When it comes to getting treatment for substance abuse, the LGBT community is often left behind.
A new scholarship fund created in partnership with Caron Treatment Centers and the Release Recovery Foundation aims to bridge that gap and provide better access to help for a group statistically more likely to need it and less likely to find it.
With an initial commitment of $200,000 from the foundation, the scholarship to Caron aims to improve access to treatment for members of the LGBT community. Officials from the Release Recovery Foundation said the addiction treatment center will continue to grow the fund through contributions from individuals and additional organizations.
Data from the National Survey on Drug Use and Health suggests that substance abuse patterns reported by LGBT adults are higher compared to those reported by their heterosexual counterparts. Additionally, the survey found LGBT individuals tend to enter treatment with more severe psychiatric disorders.
“The combined crisis around mental health, substance use disorder and COVID-19 has made it even more challenging for vulnerable populations to get the help they need,” said Brad Sorte, president and CEO of Caron Treatment Centers.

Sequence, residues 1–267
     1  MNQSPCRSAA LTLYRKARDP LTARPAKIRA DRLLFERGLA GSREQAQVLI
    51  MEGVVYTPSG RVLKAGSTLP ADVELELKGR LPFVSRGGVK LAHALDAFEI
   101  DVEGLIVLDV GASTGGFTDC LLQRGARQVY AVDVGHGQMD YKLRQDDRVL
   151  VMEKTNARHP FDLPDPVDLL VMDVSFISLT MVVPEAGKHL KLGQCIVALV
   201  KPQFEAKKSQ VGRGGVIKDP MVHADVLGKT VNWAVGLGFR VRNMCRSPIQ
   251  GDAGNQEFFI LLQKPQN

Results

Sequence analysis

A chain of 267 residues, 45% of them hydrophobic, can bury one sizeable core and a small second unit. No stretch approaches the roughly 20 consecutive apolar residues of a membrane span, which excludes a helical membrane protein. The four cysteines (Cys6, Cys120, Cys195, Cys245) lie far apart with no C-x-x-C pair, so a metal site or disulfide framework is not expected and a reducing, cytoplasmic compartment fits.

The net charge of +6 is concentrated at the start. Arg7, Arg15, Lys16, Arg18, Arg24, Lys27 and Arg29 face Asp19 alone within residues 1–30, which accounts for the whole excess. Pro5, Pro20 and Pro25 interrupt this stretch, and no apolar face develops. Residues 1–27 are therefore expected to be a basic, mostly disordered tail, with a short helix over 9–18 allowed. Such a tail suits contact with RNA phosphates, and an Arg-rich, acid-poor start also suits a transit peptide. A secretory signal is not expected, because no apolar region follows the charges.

Sorte said the creation of this scholarship fund will support Caron’s ongoing commitment to removing barriers and expanding access to treatment services for members of the LGBT community. He added that the organization prides itself on offering a safe and sensitive environment with understanding LGBT staff and allies offering support.
The treatment scholarship has been named after Nic Pagano, an alumus of Caron and Release Recovery who passed away in July from an accidental opioid overdose.
Zac Clark, a Caron board member who helped create the Release Recovery Foundation, said Pagano was a proud member of the LGBT community and had recently announced his interest in becoming a voice for the fairness and rights of the transgender community.
At his sober living home, Clark said Pagano welcomed new clients arriving from treatment centers and helped make them feel comfortable in their new living environment. Pagano, who had found some success on the stage and in the film industry, had expressed interest in pursuing a career in therapeutic healing.
“We started the Release Recovery Foundation to help individuals who just didn’t have the same access to treatment that I had growing up,” Clark said. “We identified the LGBTQIA+ community as one where we could make a difference. Nic’s memory and desire to be a voice for this community will live on, helping many others access recovery.”
To learn more about the Nic Pagano Scholarship Fund, send an email to firstname.lastname@example.org.
Source: Berkshire mont